4. Medical surfing

More patients nowadays are coming to discuss with me their medical conditions and needs aided by information they have gleaned from the internet. This source has amongst the younger generation displaced the much venerated newspaper cuttings favoured by older people.

It is certainly admirable to show such resourcefulness and I personally find it enriching to engage with well-motivated patients. The caveat is of course the quality, if not the veracity and integrity, of these sites. Watching Sky News recently, I was reminded by its partner CBS about the hazards of surfing the internet for medical information, advice and treatment. It is therefore worthwhile to bear in mind some simple advice that CBS highlighted, namely

1. If a product claims to cure cancer, click out.

2. Beware of phrases like”scientific breakthrough” and products claiming to be “natural” and therefore safe.

3. Beware of anecdotal information from testimonials or blogs.

4. Check out the medical credentials of so-called “experts”.

CBS mentions as its fifth point sites like WebMD that are reviewed by health professionals. While such sites add broad and international perspectives, some American and foreign medical practices differ from ours not so much in the motivation, rationale or cultural context but by nature of the political control over our health system. I have therefore included only the BMA, NHS and NICE links. Present-day British GPs are performance-monitored by and paid according to QOF (quality and outcomes framework) target points, so there is little room for innovative approach. Moreover, a draft government enforcement policy document is expected to result in the ultimate restriction on GPs who will have to prove they comply with NICE guidelines or face the possibility of suspension, prosecution or closure of their practice. Another major constraint is of course funding and GPs have to stay within budgets assigned to them by the PCT.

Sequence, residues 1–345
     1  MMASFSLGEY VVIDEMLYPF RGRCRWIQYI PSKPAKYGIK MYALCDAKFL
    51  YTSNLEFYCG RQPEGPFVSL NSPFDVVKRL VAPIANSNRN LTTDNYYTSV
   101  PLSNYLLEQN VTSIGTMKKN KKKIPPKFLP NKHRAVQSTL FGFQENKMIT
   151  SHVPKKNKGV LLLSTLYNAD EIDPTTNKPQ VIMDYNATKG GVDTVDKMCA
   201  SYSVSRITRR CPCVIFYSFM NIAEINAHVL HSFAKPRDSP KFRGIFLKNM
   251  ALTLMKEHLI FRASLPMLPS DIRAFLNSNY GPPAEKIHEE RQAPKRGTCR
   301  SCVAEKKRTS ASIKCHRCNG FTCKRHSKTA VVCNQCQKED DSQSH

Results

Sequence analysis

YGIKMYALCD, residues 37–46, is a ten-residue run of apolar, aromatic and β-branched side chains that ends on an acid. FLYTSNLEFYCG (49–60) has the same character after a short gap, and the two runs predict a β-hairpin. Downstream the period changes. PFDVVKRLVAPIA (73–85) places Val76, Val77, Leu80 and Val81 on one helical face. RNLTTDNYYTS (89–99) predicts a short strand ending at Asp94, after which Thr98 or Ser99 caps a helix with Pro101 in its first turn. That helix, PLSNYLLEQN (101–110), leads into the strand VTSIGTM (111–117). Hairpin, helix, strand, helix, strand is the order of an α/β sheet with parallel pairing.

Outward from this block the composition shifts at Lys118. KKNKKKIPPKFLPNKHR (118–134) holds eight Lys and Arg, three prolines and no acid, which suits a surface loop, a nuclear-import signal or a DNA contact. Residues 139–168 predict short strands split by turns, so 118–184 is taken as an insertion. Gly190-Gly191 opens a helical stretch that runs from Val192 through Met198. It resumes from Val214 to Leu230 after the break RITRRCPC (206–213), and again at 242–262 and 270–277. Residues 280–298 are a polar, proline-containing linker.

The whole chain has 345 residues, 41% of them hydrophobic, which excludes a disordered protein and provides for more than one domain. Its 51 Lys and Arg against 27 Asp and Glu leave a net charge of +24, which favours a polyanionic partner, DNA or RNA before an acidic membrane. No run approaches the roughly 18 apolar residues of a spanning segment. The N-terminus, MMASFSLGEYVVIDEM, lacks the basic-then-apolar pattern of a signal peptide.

As many of my patients appreciate, I believe such interference with professional decisions risks compromising the ethical advocacy of patients’ best interests and run counter to the principles of advancement and pioneering excellence.

For these and various other reasons, the PPG is critically important for ensuring that the highest standards of care are maintained. I believe there is no substitute for a frank and personal discussion with your own doctor. With thirty years of very varied medical experience, I can safely say that the strength of British general practice has been the unique continuity of care and personal rapport. Indeed, I have patients spanning four generations! Such is the deep sense of fulfillment and privilege I enjoy as a traditional family doctor and long may this special quality continue!

Dr Khong

 

 

 

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